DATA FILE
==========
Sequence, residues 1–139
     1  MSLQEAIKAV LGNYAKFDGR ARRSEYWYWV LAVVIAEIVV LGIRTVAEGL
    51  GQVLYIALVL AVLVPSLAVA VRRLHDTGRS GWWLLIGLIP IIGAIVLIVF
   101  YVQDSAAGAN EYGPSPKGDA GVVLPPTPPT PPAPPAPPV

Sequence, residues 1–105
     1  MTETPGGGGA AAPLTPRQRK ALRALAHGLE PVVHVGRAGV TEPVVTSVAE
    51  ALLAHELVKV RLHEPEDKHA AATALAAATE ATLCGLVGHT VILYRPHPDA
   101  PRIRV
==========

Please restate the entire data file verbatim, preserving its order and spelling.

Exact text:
Sequence, residues 1–139
     1  MSLQEAIKAV LGNYAKFDGR ARRSEYWYWV LAVVIAEIVV LGIRTVAEGL
    51  GQVLYIALVL AVLVPSLAVA VRRLHDTGRS GWWLLIGLIP IIGAIVLIVF
   101  YVQDSAAGAN EYGPSPKGDA GVVLPPTPPT PPAPPAPPV

Sequence, residues 1–105
     1  MTETPGGGGA AAPLTPRQRK ALRALAHGLE PVVHVGRAGV TEPVVTSVAE
    51  ALLAHELVKV RLHEPEDKHA AATALAAATE ATLCGLVGHT VILYRPHPDA
   101  PRIRV